KustyTheKlown

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then in my opinion you should be a sugarbush season pass holder with an ikon base add on. and sugarbush should give you some sort of season pass holder friends and family deals, not ikon. and you should spend more money - we all should.

this is all meaningless anyway because this is just me thinking out loud. i just strongly believe that full season passes should be expensive and limited to single mountains, and that multi passes should be limited and also more expensive.
 

ThatGuy

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I agree Kusty. A season pass should not cost 4-5 days to breakeven, thats insane. Multi mountain passes should be expensive and not unlimited. Day tickets need to come down as well because at this point their function is to make season passes more alluring.
 

mikec142

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then in my opinion you should be a sugarbush season pass holder with an ikon base add on. and sugarbush should give you some sort of season pass holder friends and family deals, not ikon. and you should spend more money - we all should.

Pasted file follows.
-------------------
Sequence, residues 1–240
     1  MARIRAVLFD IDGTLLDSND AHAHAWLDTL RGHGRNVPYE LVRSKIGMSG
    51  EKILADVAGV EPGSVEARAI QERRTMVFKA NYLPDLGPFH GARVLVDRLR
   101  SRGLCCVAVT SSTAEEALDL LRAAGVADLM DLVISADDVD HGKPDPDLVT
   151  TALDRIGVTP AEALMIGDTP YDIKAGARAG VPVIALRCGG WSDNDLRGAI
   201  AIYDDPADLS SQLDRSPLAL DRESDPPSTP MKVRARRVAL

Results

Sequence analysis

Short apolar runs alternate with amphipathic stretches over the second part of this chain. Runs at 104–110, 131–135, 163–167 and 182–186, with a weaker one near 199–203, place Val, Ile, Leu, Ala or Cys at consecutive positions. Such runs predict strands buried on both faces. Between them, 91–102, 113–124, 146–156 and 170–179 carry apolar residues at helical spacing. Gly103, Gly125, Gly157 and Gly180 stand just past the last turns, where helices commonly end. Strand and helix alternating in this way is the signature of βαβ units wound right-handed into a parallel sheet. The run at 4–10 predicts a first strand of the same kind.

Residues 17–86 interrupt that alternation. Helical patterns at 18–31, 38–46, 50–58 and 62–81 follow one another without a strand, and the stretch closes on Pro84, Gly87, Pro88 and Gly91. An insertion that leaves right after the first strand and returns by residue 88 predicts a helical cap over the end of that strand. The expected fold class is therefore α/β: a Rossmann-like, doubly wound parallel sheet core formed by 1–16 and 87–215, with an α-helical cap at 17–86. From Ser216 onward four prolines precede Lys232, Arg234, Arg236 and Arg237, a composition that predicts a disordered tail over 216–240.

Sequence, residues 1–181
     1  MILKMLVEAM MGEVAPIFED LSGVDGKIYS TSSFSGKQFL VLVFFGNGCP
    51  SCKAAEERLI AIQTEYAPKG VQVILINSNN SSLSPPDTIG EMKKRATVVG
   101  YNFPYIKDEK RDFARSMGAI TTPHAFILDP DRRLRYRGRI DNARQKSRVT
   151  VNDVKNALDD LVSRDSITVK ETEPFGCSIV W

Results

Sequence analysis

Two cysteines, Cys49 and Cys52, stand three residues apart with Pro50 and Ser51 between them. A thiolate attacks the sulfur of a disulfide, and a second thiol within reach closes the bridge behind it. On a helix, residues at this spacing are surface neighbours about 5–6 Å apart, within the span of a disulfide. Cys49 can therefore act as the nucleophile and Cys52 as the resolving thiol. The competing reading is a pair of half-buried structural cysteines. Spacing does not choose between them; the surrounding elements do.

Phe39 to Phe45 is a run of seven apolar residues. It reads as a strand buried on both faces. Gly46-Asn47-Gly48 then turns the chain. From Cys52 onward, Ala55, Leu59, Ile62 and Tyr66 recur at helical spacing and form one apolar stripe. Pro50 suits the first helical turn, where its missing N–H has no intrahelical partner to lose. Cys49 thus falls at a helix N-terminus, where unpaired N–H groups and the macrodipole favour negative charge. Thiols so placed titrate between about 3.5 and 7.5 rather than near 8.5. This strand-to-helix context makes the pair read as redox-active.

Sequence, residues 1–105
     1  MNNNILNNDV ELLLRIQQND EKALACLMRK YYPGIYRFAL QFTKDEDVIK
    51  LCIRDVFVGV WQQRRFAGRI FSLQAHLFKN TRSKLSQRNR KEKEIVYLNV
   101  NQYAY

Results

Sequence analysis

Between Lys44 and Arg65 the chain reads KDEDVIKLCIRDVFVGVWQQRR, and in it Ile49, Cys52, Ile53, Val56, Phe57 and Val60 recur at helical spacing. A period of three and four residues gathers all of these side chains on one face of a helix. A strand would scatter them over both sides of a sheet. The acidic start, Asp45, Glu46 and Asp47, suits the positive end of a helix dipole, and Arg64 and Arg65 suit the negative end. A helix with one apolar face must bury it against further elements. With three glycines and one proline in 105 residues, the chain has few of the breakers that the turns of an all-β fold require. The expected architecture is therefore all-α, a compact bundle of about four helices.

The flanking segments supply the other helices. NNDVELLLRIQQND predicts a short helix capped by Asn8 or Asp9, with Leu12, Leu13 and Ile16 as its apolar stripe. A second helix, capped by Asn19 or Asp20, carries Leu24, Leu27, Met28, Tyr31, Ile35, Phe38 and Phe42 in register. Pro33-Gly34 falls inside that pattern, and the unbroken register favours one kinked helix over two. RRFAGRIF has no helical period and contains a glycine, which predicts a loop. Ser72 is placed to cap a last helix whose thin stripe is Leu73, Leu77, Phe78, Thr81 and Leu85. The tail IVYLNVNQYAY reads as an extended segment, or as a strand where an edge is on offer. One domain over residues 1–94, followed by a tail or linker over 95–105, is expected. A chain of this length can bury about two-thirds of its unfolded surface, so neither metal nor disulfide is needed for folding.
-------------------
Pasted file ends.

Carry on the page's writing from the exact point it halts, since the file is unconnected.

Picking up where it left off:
this is all meaningless anyway because this is just me thinking out loud. i just strongly believe that full season passes should be expensive and limited to single mountains, and that multi passes should be limited and also more expensive.
As you said, it's all meaningless.

Until two years ago, the cost of a SB full pass amortized over the amount that I ski didn't make sense. It only started to make sense when they went Ikon and Windham was added.

Now, SB gets me there more than I previously would have been and I spend on lodging and food.
 

KustyTheKlown

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As you said, it's all meaningless.

Until two years ago, the cost of a SB full pass amortized over the amount that I ski didn't make sense. It only started to make sense when they went Ikon and Windham was added.

Now, SB gets me there more than I previously would have been and I spend on lodging and food.

thats my whole point tho. theyve made it too easy to make sense. it needs to be harder.

the predecessor of ikon was the max pass. that was it for me. 5 days each at great places. not enough anywhere to meaningfully fuck their operations every week.
 

cdskier